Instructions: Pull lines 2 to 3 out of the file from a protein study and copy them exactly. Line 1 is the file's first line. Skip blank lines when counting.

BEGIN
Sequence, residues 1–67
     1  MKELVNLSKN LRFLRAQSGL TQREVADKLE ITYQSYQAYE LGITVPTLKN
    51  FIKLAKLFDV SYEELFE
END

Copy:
     1  MKELVNLSKN LRFLRAQSGL TQREVADKLE ITYQSYQAYE LGITVPTLKN
    51  FIKLAKLFDV SYEELFE